Those features extend to the watch too: “Once you’ve gone through onboarding of the female health feature and have logged at least 1 period, you’ll be able to swipe up from the clock face on your Versa or Ionic and scroll down to see your female health information.” says Fitbit.
With that level of intimate information now being collected, you would hope that Fitbit is serious about data security.
Battery life is a solid four days between charges, unless you are using Bluetooth extensively. The biggest disappointment with the Versa is the ugly and badly designed charging cradle, which leaves much to be desired alongside the magnetic charger for the Apple Watch.
While I probably prefer the larger format and chunkier styling of the Ionic ($450), which let’s face it, is more likely to appeal to men anyway, the Versa is a big improvement overall and the omission of GPS doesn’t really bother me given the Versa sells for $350.
This will suit those who want a reliable, sturdy health tracker that looks good and has all the bells and whistles when it comes to tracking your health and exercise progress. It is less suitable as a productivity tool than fully-fledged smartwatches like the Apple Watch - but you’ll pay $529 for that - and $699 for the Samsung Gear S3.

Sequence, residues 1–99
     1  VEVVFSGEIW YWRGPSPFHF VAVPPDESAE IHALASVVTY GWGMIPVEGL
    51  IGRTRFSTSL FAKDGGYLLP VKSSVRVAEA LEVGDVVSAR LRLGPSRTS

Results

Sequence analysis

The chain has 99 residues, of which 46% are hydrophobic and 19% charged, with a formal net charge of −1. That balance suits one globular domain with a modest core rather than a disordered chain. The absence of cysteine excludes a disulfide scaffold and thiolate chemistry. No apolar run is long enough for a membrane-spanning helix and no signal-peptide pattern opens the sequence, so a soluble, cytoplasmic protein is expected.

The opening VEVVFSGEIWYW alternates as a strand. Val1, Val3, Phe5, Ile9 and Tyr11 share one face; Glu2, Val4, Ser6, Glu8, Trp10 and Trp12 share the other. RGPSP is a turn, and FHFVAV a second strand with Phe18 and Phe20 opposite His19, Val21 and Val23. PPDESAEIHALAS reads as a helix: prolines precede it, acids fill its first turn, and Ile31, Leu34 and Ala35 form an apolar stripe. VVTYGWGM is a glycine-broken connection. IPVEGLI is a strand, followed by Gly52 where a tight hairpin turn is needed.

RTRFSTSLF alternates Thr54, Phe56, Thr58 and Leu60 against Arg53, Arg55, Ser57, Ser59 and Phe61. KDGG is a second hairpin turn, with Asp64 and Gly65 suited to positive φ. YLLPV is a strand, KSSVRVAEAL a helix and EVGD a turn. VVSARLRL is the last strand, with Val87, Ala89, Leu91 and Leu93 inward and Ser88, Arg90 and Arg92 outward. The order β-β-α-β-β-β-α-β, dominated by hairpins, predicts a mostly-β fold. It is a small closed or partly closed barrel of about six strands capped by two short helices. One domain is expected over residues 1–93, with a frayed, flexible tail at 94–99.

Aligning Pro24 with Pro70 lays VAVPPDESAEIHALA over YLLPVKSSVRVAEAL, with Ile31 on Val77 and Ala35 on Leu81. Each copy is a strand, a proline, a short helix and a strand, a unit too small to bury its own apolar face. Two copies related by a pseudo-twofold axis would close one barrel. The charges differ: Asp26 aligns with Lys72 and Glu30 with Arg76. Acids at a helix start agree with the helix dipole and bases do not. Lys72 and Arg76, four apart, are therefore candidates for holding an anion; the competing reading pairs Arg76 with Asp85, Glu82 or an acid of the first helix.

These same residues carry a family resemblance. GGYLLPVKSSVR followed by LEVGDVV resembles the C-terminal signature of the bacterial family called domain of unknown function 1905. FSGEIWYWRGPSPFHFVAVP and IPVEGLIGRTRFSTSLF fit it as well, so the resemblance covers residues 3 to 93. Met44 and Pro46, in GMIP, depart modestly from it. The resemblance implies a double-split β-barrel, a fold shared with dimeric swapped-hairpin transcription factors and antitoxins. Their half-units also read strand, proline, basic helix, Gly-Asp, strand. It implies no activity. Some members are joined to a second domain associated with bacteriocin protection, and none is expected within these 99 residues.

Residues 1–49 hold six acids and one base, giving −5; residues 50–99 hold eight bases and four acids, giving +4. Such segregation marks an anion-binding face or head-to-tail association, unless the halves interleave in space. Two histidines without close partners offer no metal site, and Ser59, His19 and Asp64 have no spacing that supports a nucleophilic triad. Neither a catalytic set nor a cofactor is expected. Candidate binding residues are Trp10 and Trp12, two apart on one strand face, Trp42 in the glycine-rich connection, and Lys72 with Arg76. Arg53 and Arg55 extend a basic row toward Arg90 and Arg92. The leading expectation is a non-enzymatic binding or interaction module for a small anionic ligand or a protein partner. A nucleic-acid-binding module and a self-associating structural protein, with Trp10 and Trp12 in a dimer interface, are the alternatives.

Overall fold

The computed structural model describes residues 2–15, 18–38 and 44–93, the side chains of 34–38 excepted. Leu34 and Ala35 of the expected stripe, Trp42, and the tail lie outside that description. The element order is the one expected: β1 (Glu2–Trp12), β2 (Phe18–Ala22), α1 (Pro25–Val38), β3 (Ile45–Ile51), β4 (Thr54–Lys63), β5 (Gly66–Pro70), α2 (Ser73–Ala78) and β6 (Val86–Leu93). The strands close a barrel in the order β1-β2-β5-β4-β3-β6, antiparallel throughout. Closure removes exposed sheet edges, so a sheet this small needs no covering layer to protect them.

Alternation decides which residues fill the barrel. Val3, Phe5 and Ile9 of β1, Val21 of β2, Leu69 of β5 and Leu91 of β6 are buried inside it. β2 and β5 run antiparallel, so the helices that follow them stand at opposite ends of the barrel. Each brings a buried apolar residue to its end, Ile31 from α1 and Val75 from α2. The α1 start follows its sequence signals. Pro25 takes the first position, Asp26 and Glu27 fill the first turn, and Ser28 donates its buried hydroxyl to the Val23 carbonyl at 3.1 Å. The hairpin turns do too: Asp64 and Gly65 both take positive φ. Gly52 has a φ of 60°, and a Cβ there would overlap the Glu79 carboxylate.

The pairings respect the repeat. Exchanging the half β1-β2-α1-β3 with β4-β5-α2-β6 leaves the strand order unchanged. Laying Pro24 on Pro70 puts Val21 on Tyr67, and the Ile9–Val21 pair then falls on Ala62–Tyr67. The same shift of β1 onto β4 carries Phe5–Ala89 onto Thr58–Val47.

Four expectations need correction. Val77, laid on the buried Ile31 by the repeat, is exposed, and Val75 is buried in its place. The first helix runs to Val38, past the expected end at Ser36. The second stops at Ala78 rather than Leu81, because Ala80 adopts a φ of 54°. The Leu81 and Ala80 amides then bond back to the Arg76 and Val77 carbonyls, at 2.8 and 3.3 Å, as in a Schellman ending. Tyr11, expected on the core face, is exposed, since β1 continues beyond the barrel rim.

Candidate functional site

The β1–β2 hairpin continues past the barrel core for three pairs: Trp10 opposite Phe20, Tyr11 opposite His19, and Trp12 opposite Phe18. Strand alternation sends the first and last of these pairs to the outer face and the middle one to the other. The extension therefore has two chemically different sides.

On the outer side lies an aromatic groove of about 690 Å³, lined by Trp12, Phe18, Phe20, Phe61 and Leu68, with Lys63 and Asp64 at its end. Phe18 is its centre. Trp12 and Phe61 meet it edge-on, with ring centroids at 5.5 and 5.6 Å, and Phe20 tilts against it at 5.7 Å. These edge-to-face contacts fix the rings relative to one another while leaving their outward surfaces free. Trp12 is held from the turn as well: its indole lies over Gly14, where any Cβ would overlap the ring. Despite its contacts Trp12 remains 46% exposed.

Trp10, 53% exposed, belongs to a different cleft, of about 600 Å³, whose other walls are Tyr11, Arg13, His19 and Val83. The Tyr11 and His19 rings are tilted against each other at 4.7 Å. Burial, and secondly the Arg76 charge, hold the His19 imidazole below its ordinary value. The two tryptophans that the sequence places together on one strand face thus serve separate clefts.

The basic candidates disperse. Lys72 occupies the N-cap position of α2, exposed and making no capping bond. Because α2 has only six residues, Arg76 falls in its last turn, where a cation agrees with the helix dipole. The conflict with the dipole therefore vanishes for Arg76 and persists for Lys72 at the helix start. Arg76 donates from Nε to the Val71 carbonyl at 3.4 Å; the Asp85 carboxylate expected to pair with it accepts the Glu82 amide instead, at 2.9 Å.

The real competition however is from Garmin with its Vivisport ($349), Vivoactive 3 ($499) and Forerunner 645 ($599), the latter of which really does cater to those who want a fully-fledged smartwatch and health tracker in one.
This is a return to form for Fitbit after a slight stumble with the Ionic and quality issues with some previous Fitbit models. There is plenty of functionality here at a reasonable price. The biggest challenge now is making all those fancy metrics go in the right direction.
Decent battery life
Extensive health tracking options
Limited app line-up